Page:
There are people acutely hurting – sometimes ourselves. There are relationships to be nurtured – involving ourselves. There is the work we are called to do.
We seek the courage to make a difference and to care for ourselves and one another. We seek healing for ourselves, our loved ones, our communities, our planet.
There is hatred in the lands. In the US, against Asian Americans and Pacific Islanders. In China, against the Uyghur Muslims.
Our hearts go out to those in Myanmar, where hundreds of Burmese citizens, including police officers, government officials and civilians, are fleeing as violence over last month’s military coup worsens.
Our hearts go out to our siblings in Brazil where hospitals are near collapse and there are reports of spiking Covid-19 case numbers.
Our hearts go out to our siblings in India where they also are seeing a significant increase in infections as they mark the biggest case rise since November.
Our hearts go out to our siblings in Somalia as Covid-19 surge and deaths are reported.
Our hearts go out to our siblings in Australia as the Australian government has declared a natural disaster as heavy rains batter the state and force thousands to evacuate.
As we long to be physically together again -- as we struggle with violence in our world -- as we struggle with devastating racism and bigotry -- as we each make a difference in our communities and world – may we breathe in all the trouble in the world, and breathe out peace and love.
ICYMI ("In Case You Missed It")
Here's the Mar 21 service, "Hypocrites!"
Worldwide. (I know that reporting from many conuntries is incomplete and inaccurate -- yet looking at trends still gives us an idea of important developments.) The 7DMA (7-Day Moving Average) of New Cases per day is increasing alarmingly and constantly for the last 32 days: Feb 20 to Mar 24. It's up from 361,346 on Feb 20 to 513,085 on Mar 24. That's an average daily increase of 1.1 percent, adding up to a total increase of 42 percent in just 32 days.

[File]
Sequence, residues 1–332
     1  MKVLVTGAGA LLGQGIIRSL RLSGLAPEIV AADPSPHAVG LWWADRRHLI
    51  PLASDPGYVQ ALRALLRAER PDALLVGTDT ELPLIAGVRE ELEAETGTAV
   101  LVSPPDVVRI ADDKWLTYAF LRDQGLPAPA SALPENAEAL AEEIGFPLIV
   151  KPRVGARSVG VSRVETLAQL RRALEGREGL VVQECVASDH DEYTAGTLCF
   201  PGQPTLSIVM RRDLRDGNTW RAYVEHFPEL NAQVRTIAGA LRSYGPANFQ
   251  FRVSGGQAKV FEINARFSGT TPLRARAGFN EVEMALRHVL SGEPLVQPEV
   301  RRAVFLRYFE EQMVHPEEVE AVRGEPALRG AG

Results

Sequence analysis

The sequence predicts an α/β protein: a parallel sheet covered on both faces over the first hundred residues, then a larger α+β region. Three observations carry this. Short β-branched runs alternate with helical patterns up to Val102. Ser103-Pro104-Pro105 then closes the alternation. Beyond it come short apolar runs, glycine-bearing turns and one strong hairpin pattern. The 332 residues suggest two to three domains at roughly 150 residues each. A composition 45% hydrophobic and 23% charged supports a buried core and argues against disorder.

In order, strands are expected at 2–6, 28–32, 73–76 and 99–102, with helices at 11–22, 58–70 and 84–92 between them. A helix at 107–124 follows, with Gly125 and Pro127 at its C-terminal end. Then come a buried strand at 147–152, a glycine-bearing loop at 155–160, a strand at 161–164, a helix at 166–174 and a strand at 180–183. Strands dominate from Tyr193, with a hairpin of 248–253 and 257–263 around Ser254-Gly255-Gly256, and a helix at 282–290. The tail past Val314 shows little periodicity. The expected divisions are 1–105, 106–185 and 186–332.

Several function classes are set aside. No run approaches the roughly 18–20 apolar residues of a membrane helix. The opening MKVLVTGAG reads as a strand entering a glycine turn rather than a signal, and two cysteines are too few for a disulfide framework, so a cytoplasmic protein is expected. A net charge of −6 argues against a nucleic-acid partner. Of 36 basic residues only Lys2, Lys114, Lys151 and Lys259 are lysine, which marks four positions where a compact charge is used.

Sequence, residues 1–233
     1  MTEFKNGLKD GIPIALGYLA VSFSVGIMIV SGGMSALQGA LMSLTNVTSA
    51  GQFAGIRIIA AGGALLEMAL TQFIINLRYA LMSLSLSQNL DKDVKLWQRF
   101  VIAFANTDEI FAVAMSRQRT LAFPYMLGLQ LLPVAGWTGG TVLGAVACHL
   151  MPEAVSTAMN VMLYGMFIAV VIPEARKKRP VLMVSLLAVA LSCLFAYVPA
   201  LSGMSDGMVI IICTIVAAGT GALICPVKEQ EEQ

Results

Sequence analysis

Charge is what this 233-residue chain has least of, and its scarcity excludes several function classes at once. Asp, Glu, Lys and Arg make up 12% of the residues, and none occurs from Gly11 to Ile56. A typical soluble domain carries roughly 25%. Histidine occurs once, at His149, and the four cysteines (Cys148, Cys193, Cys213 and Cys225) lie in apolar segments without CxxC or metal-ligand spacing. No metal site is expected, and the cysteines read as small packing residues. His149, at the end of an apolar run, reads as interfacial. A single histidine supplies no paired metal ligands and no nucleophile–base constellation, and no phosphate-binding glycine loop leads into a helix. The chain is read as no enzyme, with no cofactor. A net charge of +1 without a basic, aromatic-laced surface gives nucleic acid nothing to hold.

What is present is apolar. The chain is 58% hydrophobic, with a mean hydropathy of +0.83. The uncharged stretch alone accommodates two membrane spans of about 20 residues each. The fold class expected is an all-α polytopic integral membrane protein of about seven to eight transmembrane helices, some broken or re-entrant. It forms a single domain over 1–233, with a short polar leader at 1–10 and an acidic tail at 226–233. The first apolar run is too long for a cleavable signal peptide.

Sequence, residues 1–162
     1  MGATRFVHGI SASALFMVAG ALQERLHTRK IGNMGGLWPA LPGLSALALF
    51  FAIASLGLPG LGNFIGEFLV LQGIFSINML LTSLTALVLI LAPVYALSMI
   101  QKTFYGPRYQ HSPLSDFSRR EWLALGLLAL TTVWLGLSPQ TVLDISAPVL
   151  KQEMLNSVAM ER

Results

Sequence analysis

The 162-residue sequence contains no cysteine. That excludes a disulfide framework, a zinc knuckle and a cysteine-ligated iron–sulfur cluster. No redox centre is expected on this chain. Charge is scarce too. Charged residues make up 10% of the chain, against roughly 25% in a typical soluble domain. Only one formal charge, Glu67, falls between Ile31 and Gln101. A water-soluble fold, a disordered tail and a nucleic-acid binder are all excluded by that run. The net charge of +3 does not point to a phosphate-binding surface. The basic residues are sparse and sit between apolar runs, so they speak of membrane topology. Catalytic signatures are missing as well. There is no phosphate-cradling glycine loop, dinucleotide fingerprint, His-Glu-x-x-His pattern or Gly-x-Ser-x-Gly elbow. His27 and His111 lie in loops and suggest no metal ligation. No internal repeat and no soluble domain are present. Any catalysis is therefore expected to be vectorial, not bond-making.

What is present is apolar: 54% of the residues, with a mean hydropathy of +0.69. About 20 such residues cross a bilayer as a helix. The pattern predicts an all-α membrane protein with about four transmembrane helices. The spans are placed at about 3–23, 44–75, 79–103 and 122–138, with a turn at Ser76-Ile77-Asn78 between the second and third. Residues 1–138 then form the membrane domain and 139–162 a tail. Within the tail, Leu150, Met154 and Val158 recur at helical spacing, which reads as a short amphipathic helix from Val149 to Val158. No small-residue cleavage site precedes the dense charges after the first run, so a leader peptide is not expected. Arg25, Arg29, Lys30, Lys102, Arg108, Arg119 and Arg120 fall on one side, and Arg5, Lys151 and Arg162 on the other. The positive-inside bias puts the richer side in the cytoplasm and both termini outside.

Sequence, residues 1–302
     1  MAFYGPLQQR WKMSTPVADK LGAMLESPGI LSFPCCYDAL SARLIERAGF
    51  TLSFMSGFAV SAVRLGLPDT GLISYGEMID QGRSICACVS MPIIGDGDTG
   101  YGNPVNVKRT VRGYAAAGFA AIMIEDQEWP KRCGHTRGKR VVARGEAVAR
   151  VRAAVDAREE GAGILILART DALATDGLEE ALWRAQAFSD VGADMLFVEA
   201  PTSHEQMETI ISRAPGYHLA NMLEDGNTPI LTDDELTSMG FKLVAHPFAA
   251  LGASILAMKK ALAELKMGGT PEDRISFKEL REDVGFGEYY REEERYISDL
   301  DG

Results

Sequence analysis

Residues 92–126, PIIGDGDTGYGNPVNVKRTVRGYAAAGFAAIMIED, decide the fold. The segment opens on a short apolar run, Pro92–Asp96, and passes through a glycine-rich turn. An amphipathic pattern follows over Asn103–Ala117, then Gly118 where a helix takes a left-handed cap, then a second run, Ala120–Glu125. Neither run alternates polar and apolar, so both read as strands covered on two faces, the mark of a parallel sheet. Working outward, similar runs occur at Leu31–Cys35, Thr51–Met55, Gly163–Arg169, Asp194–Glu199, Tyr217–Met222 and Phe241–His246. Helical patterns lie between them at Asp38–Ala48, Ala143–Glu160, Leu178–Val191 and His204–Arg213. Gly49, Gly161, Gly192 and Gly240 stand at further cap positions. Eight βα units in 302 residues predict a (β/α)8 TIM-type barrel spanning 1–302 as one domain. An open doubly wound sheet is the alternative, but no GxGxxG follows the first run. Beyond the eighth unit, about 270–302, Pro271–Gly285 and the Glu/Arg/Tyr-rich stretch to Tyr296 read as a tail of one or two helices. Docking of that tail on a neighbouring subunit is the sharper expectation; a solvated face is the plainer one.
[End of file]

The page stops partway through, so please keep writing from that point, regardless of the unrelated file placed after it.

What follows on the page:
The death rate story is not as bad -- so far. The 7DMA of deaths per day peaked on Jan 26, and fell steadily until Mar 12 -- a decline of 42 percent over 45 days. That's an average daily decline of 1.2 percent per day over that period. Great! But then the decline turned around.
Since Mar 12, deaths have been increasing. The 7DMA of deaths per day on Mar 24 is up seven percent over Mar 12. That's an average increase of 0.6 percent per day over the last 12 days. That's a slow increase -- but the numbers of new cases suggest it may pick up speed. In any case, it's not a decrease, which is what we need.
United States. In the US, for the week of Mar 18-24, the number of new cases is down 77 percent from the Jan 5-11 seven-day peak -- so that's good. But the new cases this week are actually up slightly (4 percent) from new cases the week before.
The 7DMA of Covid deaths per day dropped below 1,000 this week, for the first time since Nov 5. Covid deaths in the US peaked during Jan 19-26. This week (Mar 18-24), deaths were down 71 percent from that peak -- and down 16 percent from the week before.
It's good to see US covid deaths continuing to decline, but the rate of new cases has flattened out -- and the worldwide numbers may bode ill for future US numbers.
So be careful!
Yours in the faith we share,
Practice of the Week
Slogans work, as advertisers know – so let's put them to a positive use!
Using slogans to guide and remind you of how you want to be brings more peace and more joy into your life. Maybe you could use a little more peace and joy. Our recent series of “Slogans That Help” has included:
- Stay Close to your Resentment
- Get Excited
- Find Strength
- Be Patient and Live in Patience
- Enjoy Humility
But if you’re like me, it’s the “Pause” button, I’m particularly likely to neglect when it would have been helpful. So repeating to myself a one-word slogan that reminds me to pause is good practice. Whether you're faced with criticism at work, a partner whose feelings are hurt, an internal urge to lash out verbally, or an opportunity for some gratification that will cost you later, you've got to be able to push the pause button. Your pause gives other people time to have their say without feeling interrupted. It gives you time to discern what's really going on, time to calm down, get centered, sort out your priorities, and let wholeheartedness soften a hard-edged position.
Pause. Make it okay with yourself to simply be from time to time.
Pause. A few times a day, stop for a few seconds and tune in to what's going on for you.
Pause. Before beginning a routine activity, take a moment to become fully present.
Pause. After someone finishes speaking to you, take a little longer than usual before you reply.
For Rick Hanson’s tips on how to help yourself take the pauses that refresh, see the post: PAUSE.
See also our SPIRITUAL PRACTICE DIRECTORY